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Single Crowns

Improving Existing Teeth

If a tooth is damaged or of poor quality, a new ceramic crown is probably the best solution.  It sits over-top of the tooth and protects it.  In addition to its high esthetic qualities, the function and longevity of the crown is excellent.


Placing a Crown
Step by Step

The course of treatment described here is one of several options available. Consult your dentist to find out what the best solution is for you, given your specific condition.

1: Before the procedure




The dentist makes a first evaluation and makes an impression of the existing crown. The impression is used as the prototype for the new crown.

2: Preparing the old tooth




The natural tooth is given minor preparation or adjustments. A temporary crown is attached.

3: Placing the new crown




A week or so after the first visit, the permanent crown is securely fitted. Normally, it will serve its owner for life.

4: End result



The end result is a new tooth that should blend in perfectly with the others. Brush and floss as recommended by your dentist or dental hygienist.





A bridge is a device which fills the gap where teeth are absent.  It is applied by either placing crowns on the abutment teeth or by bonding the artificial teeth directly to the abutment teeth. 

If you’re missing one or more teeth, you may be aware of their importance to your appearance and dental health. Your teeth work together for many daily functions from eating to speaking. With missing teeth, it can be difficult to do these things.  Fixed bridges are often a great option to restore your dental health and appearance.

What is involved?

The attachment procedure usually takes two or three appointments to complete. At the first appointment,  the dentist will prepare the teeth on either side of the gap by removing a thin layer of material to allow room for the ends of the bridge to be seated over the natural teeth.  After this we will take a 3D scan of the prepared area to send to a specialty lab so they can fabricate a customized bridge for your mouth.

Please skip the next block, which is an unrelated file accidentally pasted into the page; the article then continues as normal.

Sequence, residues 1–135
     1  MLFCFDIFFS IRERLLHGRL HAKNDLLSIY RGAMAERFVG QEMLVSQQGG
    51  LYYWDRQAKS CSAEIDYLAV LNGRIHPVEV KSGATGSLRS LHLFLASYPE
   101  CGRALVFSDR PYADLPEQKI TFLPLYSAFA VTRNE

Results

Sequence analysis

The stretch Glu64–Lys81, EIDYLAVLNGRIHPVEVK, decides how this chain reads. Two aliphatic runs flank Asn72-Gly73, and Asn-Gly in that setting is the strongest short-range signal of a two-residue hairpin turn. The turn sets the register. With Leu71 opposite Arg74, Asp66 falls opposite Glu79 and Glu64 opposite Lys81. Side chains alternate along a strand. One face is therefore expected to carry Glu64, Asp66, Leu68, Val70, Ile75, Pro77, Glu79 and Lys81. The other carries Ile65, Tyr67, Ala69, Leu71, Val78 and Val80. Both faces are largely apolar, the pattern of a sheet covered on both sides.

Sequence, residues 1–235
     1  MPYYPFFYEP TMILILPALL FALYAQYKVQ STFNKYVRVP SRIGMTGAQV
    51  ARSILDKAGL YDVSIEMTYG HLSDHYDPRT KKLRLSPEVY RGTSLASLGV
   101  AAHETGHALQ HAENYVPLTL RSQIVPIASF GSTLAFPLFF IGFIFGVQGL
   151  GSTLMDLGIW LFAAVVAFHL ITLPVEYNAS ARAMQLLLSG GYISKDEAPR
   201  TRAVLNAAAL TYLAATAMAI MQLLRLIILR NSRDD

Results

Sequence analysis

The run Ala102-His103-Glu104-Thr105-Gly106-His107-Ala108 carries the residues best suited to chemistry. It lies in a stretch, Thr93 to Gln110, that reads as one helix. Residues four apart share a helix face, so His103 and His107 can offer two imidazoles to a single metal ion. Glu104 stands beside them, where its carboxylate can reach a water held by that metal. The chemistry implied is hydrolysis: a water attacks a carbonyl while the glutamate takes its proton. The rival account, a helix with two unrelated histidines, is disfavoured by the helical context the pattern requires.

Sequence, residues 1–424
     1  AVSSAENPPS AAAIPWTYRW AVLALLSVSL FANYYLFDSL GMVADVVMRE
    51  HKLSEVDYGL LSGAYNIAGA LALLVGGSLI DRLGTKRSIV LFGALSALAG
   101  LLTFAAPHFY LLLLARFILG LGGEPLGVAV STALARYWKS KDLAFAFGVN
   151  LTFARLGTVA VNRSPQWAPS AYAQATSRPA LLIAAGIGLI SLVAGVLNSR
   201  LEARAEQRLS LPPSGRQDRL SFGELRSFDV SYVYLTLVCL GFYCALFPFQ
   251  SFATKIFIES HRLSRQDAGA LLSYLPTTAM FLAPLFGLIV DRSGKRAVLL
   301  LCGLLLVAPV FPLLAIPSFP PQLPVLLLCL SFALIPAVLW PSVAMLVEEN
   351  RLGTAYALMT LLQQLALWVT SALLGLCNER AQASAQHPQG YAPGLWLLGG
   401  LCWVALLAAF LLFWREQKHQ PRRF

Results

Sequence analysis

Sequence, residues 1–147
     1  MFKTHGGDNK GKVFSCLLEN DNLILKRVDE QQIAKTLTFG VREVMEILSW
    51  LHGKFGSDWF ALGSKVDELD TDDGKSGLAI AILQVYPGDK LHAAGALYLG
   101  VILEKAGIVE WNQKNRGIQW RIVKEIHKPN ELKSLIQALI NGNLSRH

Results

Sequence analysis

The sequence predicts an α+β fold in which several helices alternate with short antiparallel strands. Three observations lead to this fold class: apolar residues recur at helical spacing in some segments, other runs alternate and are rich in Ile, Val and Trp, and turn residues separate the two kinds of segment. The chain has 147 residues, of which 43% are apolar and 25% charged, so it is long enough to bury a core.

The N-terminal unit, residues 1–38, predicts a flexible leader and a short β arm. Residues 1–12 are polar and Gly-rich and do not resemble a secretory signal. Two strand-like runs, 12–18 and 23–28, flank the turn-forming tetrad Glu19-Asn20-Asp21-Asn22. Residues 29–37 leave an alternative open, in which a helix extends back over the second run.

Once we receive the bridge from the lab it is time to cement it in place permanently, but only after we try it in and make sure you are very happy with it!

Bridges can be constructed from gold alloys, non-precious alloys, porcelain, or a combination of these materials.

A strict regimen of brushing and flossing will keep the bridge and surrounding teeth clean. This is of critical importance as the bridge relies on the neighboring teeth for support.



Home Care Instructions

After crown and bridge appointments

Crowns and bridges usually take two or three appointments to complete. In the first visit, the teeth are prepared and a scan of the mouth are taken. Temporary crowns or bridges are often placed to protect the teeth while the custom restoration is being made.

If a temporary crown or bridge was fabricated, it is important to remember occasionally a temporary crown may come off. Call us if this happens and bring the temporary crown with you so we can re-cement it.  To keep your temporaries in place, avoid eating sticky foods (gum), hard foods, and if possible, chew on the opposite side of your mouth. It is important to brush normally, but floss carefully and don’t pull up on the floss which may dislodge the temporary.  Instead pull the floss out from the side of the temporary crown.

It is normal to experience some temperature and pressure sensitivity after each appointment.  The sensitivity should subside a few weeks after the placement of the final restoration. Mild pain medications may also be used as directed by our office.

If your bite feels uneven, if you have persistent pain, or if you have any other questions or concerns, please call our office at 705-525-4430.

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